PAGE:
Make sure your staff washes fruits and vegetables properly. Even if a vegetable will be peeled or skinned, it must still be washed. If you don’t wash them, you risk spreading bacteria from the outside of the produce to the inside as you prepare it. A colander will make the task easier, as long as it is only used for fruits and vegetables, and not any other ingredients, such as pasta or raw meats. Tomatoes require special care, as 12 cases of Salmonella have been linked to tomatoes in recent years. You should never let your tomatoes soak in standing water, but instead, run them under cold water to scrub thoroughly. Fruits and vegetables should be washed under cold running water or with a commercial FDA-approved fruit and vegetable rinse. You can check with your local health department to see which options you may use in your kitchen.

Cook to the right temperatures

If one food safety tip is imperative, it is knowing your food items safe temperature zones.  Is your food being cooked to the right temperature? You should make you and all of your kitchen staff are aware of the guidelines. Chicken, for instance, needs to be cooked to 165°F. The FDA advises restaurants should cook ground beef to a temperature of 155°F for 15 seconds. This is to prevent E-coli, which is found in ground beef and accounts for many cases of foodborne illness. Any type of meat being prepared and cooked in a commercial kitchen should be checked with a meat thermometer for proper temperature. For different types of meat, you should use different meat thermometers. This will prevent contamination of cooked meats by raw meats.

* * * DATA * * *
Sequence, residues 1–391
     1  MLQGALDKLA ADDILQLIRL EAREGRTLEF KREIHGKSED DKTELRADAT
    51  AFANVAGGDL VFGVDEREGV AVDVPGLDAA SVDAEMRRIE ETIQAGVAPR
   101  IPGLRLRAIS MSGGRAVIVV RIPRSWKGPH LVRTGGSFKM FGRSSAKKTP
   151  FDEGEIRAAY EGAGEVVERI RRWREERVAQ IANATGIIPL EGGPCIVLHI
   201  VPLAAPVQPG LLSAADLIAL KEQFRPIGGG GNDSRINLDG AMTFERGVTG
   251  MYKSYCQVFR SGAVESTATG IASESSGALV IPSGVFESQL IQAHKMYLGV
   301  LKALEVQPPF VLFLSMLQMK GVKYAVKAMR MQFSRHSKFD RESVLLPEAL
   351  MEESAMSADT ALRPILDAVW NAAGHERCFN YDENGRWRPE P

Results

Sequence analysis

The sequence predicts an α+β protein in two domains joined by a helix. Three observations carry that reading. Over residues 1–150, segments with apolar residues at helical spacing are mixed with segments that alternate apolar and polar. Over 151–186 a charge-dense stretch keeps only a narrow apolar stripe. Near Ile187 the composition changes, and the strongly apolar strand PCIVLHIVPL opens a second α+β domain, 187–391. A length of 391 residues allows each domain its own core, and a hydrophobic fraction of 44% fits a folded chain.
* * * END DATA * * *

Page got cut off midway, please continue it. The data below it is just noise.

Avoid Cross-Contamination

Food illness often stems from cross-contamination, where you can spread bacteria from raw meat or poultry to ready-to-eat foods. You should separate cutting boards for raw produce, raw uncooked meat, raw poultry, seafood, and eggs. You may opt to label each board with its intended purpose or use a color-coded system. Find what works best for your kitchen, but be sure to keep boards separate from one another. Don’t forget to use separate utensils and meat thermometers as well.

Store food correctly and at the right temperature

All of your kitchen’s raw meat and poultry should be kept separate from other foods, especially vegetables, prepared sauces, and anything else that requires little preparation. The FDA advises food should be cooled to 41°F or below, and should be cooled in a way that provides ventilation, such as in a shallow pan so air can circulate around the food. You also make sure your meat doesn’t drip and contaminate other food. Cut vegetables should never be left out at room temperature, but instead properly stored away. Never store food on the floor either and have a thermometer in the refrigerator, not just the freezer.